Evolutionary trends in host physiology outweigh dietary niche in structuring primate gut microbiomes
AuthorAmato, Katherine R
G Sanders, Jon
Song, Se Jin
Metcalf, Jessica L
Thompson, Luke R
Morton, James T
J McKenzie, Valerie
L Baden, Andrea
A O Britton, Gillian
P Cuozzo, Frank
Di Fiore, Anthony
J Dominy, Nathaniel
L Goldberg, Tony
Kowalewski, Martin M
J Lewis, Rebecca
L Sauther, Michelle
A White, Bryan
E Nelson, Karen
M Stumpf, Rebecca
R Leigh, Steven
AffiliationUniv Arizona, Sch Anthropol
MetadataShow full item record
PublisherNATURE PUBLISHING GROUP
CitationAmato, K. R., Sanders, J. G., Song, S. J., Nute, M., Metcalf, J. L., Thompson, L. R., ... & Gogul, G. (2019). Evolutionary trends in host physiology outweigh dietary niche in structuring primate gut microbiomes. The ISME journal, 13(3), 576.
Rights© International Society for Microbial Ecology 2018
Collection InformationThis item from the UA Faculty Publications collection is made available by the University of Arizona with support from the University of Arizona Libraries. If you have questions, please contact us at firstname.lastname@example.org.
AbstractOver the past decade several studies have reported that the gut microbiomes of mammals with similar dietary niches exhibit similar compositional and functional traits. However, these studies rely heavily on samples from captive individuals and often confound host phylogeny, gut morphology, and diet. To more explicitly test the influence of host dietary niche on the mammalian gut microbiome we use 16S rRNA gene amplicon sequencing and shotgun metagenomics to compare the gut microbiota of 18 species of wild non-human primates classified as either folivores or closely related non-folivores, evenly distributed throughout the primate order and representing a range of gut morphological specializations. While folivory results in some convergent microbial traits, collectively we show that the influence of host phylogeny on both gut microbial composition and function is much stronger than that of host dietary niche. This pattern does not result from differences in host geographic location or actual dietary intake at the time of sampling, but instead appears to result from differences in host physiology. These findings indicate that mammalian gut microbiome plasticity in response to dietary shifts over both the lifespan of an individual host and the evolutionary history of a given host species is constrained by host physiological evolution. Therefore, the gut microbiome cannot be considered separately from host physiology when describing host nutritional strategies and the emergence of host dietary niches.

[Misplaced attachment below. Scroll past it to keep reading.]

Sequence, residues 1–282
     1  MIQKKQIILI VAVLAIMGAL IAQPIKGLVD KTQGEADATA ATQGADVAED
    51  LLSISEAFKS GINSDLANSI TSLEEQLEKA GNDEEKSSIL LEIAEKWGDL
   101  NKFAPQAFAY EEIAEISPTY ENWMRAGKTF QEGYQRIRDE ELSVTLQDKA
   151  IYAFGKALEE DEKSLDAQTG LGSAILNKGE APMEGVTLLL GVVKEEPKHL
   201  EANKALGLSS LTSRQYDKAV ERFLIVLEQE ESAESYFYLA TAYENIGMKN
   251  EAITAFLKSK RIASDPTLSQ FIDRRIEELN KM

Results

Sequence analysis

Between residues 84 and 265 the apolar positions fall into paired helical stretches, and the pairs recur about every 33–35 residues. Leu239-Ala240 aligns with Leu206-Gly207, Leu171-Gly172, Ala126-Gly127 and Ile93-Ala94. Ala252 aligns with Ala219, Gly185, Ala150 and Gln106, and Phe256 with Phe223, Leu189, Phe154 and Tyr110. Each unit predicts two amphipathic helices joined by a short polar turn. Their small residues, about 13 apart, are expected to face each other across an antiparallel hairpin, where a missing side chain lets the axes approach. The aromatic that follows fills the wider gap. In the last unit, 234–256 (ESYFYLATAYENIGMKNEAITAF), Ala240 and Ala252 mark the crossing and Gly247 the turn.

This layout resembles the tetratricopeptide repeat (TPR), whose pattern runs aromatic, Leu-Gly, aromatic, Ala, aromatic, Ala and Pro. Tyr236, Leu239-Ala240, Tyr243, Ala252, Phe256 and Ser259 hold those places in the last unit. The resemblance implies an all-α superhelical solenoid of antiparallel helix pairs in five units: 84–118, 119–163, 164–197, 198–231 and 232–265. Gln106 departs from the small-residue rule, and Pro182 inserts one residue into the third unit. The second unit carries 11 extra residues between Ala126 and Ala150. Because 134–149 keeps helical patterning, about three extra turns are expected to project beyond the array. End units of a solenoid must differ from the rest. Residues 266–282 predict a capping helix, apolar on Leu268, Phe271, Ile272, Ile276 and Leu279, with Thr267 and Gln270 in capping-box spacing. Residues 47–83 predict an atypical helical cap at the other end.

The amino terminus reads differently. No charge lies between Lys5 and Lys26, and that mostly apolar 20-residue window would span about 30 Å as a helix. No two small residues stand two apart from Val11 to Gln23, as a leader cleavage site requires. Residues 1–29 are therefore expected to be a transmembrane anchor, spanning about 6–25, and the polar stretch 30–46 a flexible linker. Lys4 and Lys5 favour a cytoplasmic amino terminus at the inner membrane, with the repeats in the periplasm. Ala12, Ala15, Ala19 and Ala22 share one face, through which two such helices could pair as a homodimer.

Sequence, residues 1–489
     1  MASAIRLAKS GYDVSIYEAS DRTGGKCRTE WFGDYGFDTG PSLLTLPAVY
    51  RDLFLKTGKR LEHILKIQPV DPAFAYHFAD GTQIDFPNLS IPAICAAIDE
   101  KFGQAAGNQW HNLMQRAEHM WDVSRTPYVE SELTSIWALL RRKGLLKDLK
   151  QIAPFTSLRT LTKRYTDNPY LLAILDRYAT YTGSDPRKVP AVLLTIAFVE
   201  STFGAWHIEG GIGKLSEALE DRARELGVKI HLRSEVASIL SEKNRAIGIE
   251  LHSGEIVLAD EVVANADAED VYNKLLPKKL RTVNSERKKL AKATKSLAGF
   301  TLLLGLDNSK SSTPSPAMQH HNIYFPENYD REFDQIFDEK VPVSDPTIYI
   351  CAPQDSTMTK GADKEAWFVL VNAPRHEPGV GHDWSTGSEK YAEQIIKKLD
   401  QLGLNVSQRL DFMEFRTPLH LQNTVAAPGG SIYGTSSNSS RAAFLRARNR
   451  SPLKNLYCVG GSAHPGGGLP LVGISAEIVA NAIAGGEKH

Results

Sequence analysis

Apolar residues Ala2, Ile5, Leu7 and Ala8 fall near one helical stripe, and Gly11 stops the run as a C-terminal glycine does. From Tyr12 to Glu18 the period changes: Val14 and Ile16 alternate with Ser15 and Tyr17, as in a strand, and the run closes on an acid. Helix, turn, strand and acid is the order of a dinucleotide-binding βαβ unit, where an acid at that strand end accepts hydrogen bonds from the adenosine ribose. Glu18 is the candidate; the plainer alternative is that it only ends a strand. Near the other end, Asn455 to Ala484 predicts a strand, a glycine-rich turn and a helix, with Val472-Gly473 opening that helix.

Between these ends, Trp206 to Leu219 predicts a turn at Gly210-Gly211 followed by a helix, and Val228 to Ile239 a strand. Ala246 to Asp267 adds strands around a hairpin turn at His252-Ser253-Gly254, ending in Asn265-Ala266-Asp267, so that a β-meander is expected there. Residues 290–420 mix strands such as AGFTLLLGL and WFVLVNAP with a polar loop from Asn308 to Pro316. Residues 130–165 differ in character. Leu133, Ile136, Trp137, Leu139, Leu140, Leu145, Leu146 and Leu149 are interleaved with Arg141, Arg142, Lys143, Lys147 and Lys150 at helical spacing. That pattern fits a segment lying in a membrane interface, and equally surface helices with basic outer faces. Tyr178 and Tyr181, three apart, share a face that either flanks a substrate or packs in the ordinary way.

Note6 month embargo; published online: 11 July 2018
VersionFinal accepted manuscript
SponsorsNSF (HOMINID) ; Earth Microbiome Project (W.M. Keck Foundation) [DT061413]; John Templeton Foundation 
- The effect of captivity on the primate gut microbiome varies with host dietary niche.
- Authors: Frankel JS, Mallott EK, Hopper LM, Ross SR, Amato KR
- Issue date: 2019 Dec
- Plasticity in the Human Gut Microbiome Defies Evolutionary Constraints.
- Authors: Gomez A, Sharma AK, Mallott EK, Petrzelkova KJ, Jost Robinson CA, Yeoman CJ, Carbonero F, Pafco B, Rothman JM, Ulanov A, Vlckova K, Amato KR, Schnorr SL, Dominy NJ, Modry D, Todd A, Torralba M, Nelson KE, Burns MB, Blekhman R, Remis M, Stumpf RM, Wilson BA, Gaskins HR, Garber PA, White BA, Leigh SR
- Issue date: 2019 Jul 31
- Multi-omics Approaches To Decipher the Impact of Diet and Host Physiology on the Mammalian Gut Microbiome.
- Authors: Milani C, Alessandri G, Mancabelli L, Mangifesta M, Lugli GA, Viappiani A, Longhi G, Anzalone R, Duranti S, Turroni F, Ossiprandi MC, van Sinderen D, Ventura M
- Issue date: 2020 Nov 10
- The gut microbiome of nonhuman primates: Lessons in ecology and evolution.
- Authors: Clayton JB, Gomez A, Amato K, Knights D, Travis DA, Blekhman R, Knight R, Leigh S, Stumpf R, Wolf T, Glander KE, Cabana F, Johnson TJ
- Issue date: 2018 Jun
- Characterization of the fecal microbiome from non-human wild primates reveals species specific microbial communities.
- Authors: Yildirim S, Yeoman CJ, Sipos M, Torralba M, Wilson BA, Goldberg TL, Stumpf RM, Leigh SR, White BA, Nelson KE
- Issue date: 2010 Nov 12